The Morning Call (Sunday)
Why I had to leave the Republican Party
When I started writing opinion columns about three years ago, here’s how I introduced my position on politics.
“I don’t like politics. It’s full of phonies and interferes with good government. I’m registered as a Republican but I’m one of those Republicans with a brain. I’m not a zombie who blindly follows the party line.”
What went down Wednesday in Washington and Tuesday in Harrisburg solidifies my position more than ever.
In fact, it prompted meto punt on the Republican Party — which I’ve been registered with for nearly my entire voting life — and become an independent. I changed my registration Thursday. It was getting painful to be associated with so many sore losers.
In Washington on Wednesday, some of President Donald Trump’s most loyal supporters rioted through the Capitol in a vain attempt to prevent Congress from certifying the Electoral College results and sealing Trump’s fate. Even after that disgrace, eight of Pennsylvania’s GOP congressmen still had the president’s back and voted — unsuccessfully — against certifying the state’s vote.
In Harrisburg on Tuesday, the Republican-controlled state Senate refused to swear in a Democrat, who was the certified winner of a tight race in western Pennsylvania, because of pending legal challenges by the losing Republican.
What’s it going to take to open Republican eyes to the fact that there was no
conspiracy against their party in Pennsylvania?
Republicans won two statewide offices, auditor general and treasurer. In the treasurer’s race, the Democratic incumbent was defeated — and defeating any incumbent is a tall task. Republicans retained their majority in the state Senate and expanded their majority in the state House, in the process canning the top-ranking House Democrat, who was a longtime incumbent.
Pennsylvania voters embraced many Republicans. Trump just wasn’t among them. It’s time to accept that.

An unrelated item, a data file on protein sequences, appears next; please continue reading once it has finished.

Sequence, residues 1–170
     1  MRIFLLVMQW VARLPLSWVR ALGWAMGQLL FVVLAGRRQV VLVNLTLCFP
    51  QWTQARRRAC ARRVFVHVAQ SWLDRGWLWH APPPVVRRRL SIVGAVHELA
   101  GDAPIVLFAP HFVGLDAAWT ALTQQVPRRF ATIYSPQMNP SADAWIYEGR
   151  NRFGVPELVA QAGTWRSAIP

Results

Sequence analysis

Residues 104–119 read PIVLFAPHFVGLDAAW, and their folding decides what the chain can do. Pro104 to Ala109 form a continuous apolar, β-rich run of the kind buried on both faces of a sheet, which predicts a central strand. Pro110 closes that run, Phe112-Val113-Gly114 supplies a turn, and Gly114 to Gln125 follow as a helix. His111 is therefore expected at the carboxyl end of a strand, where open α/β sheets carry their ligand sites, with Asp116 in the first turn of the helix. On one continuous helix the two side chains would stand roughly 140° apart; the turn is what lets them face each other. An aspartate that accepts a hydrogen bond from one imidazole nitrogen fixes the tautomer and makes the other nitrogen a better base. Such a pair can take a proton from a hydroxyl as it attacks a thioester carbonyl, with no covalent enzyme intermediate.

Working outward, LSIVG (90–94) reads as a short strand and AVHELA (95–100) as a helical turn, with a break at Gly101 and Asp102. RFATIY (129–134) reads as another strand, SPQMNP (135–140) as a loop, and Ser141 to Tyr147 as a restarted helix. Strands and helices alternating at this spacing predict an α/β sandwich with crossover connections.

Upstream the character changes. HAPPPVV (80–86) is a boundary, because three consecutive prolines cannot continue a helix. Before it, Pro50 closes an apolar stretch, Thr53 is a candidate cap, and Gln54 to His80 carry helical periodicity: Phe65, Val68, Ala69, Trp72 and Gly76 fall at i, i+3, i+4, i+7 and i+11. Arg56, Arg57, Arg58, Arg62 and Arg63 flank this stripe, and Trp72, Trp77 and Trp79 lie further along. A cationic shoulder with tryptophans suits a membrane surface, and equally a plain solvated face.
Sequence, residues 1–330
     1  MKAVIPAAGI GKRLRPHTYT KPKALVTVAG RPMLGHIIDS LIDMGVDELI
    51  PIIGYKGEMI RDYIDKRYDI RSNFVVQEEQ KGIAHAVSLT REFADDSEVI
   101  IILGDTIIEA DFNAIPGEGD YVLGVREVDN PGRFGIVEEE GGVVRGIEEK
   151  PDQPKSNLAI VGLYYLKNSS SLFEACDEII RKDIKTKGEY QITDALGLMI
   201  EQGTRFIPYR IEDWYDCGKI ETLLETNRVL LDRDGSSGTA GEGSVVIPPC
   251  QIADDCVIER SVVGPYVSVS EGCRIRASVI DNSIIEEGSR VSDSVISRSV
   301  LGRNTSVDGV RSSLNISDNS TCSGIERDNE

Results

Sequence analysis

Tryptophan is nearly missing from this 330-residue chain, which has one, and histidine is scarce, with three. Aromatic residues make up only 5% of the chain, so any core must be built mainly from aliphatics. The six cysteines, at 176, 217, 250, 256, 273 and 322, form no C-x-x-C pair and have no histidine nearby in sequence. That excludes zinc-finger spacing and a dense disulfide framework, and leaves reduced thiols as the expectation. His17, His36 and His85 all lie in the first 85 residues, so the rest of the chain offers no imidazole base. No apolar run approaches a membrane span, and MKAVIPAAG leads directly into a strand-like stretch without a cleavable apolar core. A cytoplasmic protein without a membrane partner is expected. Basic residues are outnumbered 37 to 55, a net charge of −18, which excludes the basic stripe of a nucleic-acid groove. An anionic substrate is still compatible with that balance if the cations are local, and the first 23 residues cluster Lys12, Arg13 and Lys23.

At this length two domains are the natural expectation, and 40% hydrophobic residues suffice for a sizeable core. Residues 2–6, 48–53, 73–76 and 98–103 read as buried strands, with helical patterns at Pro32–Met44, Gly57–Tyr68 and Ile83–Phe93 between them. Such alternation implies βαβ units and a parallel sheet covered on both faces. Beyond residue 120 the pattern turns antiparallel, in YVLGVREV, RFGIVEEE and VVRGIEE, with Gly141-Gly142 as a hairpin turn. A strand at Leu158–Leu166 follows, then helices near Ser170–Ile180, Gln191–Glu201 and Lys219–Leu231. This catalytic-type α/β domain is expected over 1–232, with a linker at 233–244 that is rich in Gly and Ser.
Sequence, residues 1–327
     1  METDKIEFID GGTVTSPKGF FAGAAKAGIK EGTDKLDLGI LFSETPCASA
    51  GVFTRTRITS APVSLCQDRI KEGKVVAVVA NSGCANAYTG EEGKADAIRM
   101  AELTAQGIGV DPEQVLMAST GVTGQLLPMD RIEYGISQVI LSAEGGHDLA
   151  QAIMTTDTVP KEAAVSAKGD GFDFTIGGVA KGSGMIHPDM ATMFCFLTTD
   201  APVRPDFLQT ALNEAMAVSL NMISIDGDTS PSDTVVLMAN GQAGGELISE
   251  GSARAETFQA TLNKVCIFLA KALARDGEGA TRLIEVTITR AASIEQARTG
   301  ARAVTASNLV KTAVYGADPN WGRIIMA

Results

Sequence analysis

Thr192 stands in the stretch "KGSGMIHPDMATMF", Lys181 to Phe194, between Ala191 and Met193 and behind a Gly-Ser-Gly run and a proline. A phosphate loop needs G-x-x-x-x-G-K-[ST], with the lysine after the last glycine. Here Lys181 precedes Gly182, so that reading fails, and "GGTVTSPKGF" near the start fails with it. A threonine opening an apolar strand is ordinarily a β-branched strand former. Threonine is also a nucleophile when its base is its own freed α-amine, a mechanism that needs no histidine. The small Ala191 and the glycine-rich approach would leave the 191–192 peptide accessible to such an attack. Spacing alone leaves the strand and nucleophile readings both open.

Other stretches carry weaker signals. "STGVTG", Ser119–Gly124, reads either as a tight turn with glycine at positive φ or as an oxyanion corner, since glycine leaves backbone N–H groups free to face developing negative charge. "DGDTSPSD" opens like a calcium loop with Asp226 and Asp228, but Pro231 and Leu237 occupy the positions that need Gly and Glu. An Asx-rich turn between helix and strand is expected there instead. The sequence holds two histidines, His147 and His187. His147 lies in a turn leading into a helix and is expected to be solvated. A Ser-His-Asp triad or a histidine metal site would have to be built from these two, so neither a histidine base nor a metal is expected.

Yet some state and federal Republican lawmakers continue to support Trump’s claims that the election was stolen.
They ignore the fact that the president has lost pretty much every legal challenge he’s mounted, in Pennsyl
vania and elsewhere. They don’t even seem to care about his nefarious request that Georgia election officials “find 11,780 votes” so he could be declared the winner there.
Thankfully, the Republican objectors in the U.S. House of Representatives got nowhere with their stand on Wednesday night and Thursday morning, as Democrats control the House. There was sufficient support to certify the Electoral College vote in Pennsylvania and every other state.
Some GOPsenators tried to take a stand as well, but that was just more posturing. Senate Majority Leader Mitch McConnell objected to attempts by his Republican colleagues to overturn the Electoral College results. Other Republican senators also spoke out against the foolishness, including Penn
sylvania’s Pat Toomey.
Toomey may feel more free to speak his mind than other senators, as he announced he won’t be seeking reelection. I wish more would speak up.
While the political posturing in Washington was just another act in the circus there, what happened in Harrisburg on Tuesday was real and troublesome.
It was wrong not to seat Democratic state Sen. Jim Brewster, who defeated Republican challenger Nicole Ziccarelli by 69 votes.
Unless the certified vote in that race is overturned in her favor, Brewster is the duly elected senator for his district. And he is entitled to begin serving immediately. If the results are overturned, then Ziccarelli can be sworn in. There’s no harm.
If the situation was reversed, with the Republican candidate being certified as the winner and the Democrat filing legal challenges, would the Republican candidate have been put in limbo pending the outcome?
We all know the answer. The red carpet would have been rolled out for her to stroll to her seat on Tuesday.
Now, I believe Ziccarelli has a legitimate beef. She has asked a federal judge to throw out 311 mail ballots that were not dated by the voters, as required by law. If those ballots were tossed, she would be the winner, according to pennlive.com.
Ziccarelli also has filed a legal challenge with the state Senate, asking it to use what she says are its powers under the state Constitution to decide the winner. She already lost an appeal to the state Supreme Court.
As I’ve said before, if mail voters don’t fill out their ballot and return envelope completely, then their votes should not be counted. They should vote in-person at the polls if they can’t follow the simple instructions for voting by mail.
But unless a judge rules in Ziccarelli’s favor, she isn’t the winner.
The election in Pennsylvania was by no means perfect. The mail voting law, which was approved by the Republican-controlled Legislature, needs to be tightened to ensure it is implemented uniformly across the state and to clarify certain points, including whether incomplete ballots can be corrected.
But there was no evidence of widespread fraud, either.
It’s time for everyone to move on. Including me, from the GOP.